There are number of systems and processes in our environment that are yet too complicated to be studied directly from the basic laws-of-nature point of view. Such processes can be found in nature itself e.g. biology, in finance markets, and in various technical and even sociatal systems, which behave in statistical manner. Therefore, it is natural to assume that these systems can be studied with statistical modelling, statistical physics and information theory methods. The aim of this kind of research is to describe measurable properties of the system in question and their dynamic behaviour.

Currently in the vast field of Complex Systems we are studying Financial Markets, Small World Networks, and Traffic Flow. In the Financial Market studies the focus is in modelling asset return, in analysing stylized facts of financial markets and modelling them through Game theory approach, in analysing correlations between financial assets through Random Matrix theory, among other things. Due to the fact that statistical physics approaches play a prominent role in these studies we call them Econophysics. In Small World Network studies we focus on various random networks and also regular graphs through simulation and analytical theory approach. These kind of network studies play an important role in Internet, WWW, stock market trading, biochemistry signaling, protein systems, epidemics, transportation and communication systems, and social interactions. In Traffic Flow studies we focus on random walk simulations to analyse collective processes in the system, e.g. traffic jam behaviour.

Researchers: Juuso Töyli, Laszlo
Kullman^{*}, Laszlo
Gillemot^{*}, Kimmo
Kaski, Janos Kertesz^{*}

^{*} Dept. of Theoretical
Physics, Budapest University of Technology and Economics

Asset returns have traditionally been modelled with methods based on the normal distribution. However, the empirical returns are characterised by stylized facts that imply non-normality. The stylised facts include heavy tails thus the empirical distribution is leptokurtic, the variances are auto-correlated although returns are not (except for very small intraday time scales), large and small returns are clustered, and there are jumps and crashes although these are typically asymmetric so that the magnitude of crashes is larger than that of jumps. Despite of these stylized facts, the shape of the distribution approaches normal distribution when the time interval is increased and the monthly returns are generally regarded as normally distributed. These characteristics suggest that the return generating stochastic process is non-linear, time dependent, and complex.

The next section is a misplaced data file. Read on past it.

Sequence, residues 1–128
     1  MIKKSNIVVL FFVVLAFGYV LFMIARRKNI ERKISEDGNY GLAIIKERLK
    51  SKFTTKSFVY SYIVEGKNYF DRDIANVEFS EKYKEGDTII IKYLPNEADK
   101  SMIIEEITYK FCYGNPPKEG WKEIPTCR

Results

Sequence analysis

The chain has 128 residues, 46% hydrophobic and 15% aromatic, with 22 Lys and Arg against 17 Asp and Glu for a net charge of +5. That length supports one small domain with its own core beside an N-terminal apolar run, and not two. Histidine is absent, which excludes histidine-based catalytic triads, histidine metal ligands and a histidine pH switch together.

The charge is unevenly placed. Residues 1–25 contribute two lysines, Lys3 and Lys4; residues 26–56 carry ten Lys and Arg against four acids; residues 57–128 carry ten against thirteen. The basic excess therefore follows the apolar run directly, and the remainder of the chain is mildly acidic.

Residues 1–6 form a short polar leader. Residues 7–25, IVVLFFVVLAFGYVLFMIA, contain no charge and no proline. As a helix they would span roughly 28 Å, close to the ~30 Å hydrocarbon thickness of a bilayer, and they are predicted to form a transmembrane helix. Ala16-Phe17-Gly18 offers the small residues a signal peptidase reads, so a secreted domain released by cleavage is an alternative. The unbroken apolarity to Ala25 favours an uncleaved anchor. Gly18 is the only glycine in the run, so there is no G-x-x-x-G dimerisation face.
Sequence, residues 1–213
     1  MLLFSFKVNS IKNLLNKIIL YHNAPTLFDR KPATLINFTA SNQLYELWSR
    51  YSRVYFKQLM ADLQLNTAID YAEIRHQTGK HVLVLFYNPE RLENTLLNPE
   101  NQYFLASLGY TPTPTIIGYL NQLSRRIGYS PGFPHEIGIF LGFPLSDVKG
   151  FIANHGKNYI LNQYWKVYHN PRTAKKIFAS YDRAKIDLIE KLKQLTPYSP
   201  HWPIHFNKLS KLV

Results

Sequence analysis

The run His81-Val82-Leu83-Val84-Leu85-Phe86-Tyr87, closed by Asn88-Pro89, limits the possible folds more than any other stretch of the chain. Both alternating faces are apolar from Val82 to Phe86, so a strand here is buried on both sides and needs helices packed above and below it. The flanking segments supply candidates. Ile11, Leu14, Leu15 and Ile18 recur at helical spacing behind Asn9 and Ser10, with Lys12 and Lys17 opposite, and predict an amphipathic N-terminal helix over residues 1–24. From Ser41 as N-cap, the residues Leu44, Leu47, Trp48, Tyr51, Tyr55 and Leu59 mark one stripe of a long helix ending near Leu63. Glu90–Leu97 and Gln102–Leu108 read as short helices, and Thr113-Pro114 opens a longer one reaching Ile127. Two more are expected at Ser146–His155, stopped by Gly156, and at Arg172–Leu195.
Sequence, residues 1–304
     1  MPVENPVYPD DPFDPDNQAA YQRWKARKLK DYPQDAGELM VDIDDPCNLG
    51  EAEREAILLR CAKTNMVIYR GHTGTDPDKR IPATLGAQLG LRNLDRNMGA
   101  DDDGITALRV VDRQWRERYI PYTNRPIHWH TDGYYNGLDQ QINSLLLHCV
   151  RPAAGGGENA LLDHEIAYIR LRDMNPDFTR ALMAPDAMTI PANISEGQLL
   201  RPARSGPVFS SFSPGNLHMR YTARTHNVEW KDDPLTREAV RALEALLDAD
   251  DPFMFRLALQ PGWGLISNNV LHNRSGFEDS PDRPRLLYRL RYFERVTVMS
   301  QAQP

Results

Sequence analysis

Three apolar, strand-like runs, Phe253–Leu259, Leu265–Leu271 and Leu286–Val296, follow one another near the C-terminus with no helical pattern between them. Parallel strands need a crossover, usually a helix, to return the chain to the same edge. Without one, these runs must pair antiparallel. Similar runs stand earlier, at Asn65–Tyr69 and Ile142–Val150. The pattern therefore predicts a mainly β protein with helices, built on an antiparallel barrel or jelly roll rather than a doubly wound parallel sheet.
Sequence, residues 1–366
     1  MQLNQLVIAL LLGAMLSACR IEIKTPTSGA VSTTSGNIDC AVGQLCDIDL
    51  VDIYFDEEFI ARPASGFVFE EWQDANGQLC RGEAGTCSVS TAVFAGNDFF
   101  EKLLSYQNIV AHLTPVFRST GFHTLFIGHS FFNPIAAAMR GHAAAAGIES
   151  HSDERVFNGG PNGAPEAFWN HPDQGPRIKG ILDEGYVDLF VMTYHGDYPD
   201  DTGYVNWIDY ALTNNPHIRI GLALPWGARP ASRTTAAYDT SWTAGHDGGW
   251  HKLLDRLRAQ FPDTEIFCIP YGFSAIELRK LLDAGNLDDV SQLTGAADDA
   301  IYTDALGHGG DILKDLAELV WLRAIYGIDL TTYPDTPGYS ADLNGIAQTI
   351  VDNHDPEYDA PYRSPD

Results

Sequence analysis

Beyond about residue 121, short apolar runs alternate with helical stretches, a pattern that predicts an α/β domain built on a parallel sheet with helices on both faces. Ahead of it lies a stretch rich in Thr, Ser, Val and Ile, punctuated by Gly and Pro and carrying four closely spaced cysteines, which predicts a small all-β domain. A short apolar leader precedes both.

During the past century several model has been suggested but there seems to be no unanimous view. These models can be divided in time-independent and time-dependent categories. Well-known time-independent models include normal distribution, Lévy distribution, truncated Lévy distribution, generalised Lévy distribution, Student t, mixed diffusion jump, mixture normal distribution, and mixture distributions. Time dependent models contain autoregressive heteroscedastic models, stochastic volatility models assuming the volatility as stochastic process, and models based on chaos theory resulting in complex dynamics. These current models are not nevertheless able to capture the dynamics of empirical returns and the results are contradictory. The possible time-dependency of the shape of the distribution has also mainly been ignored.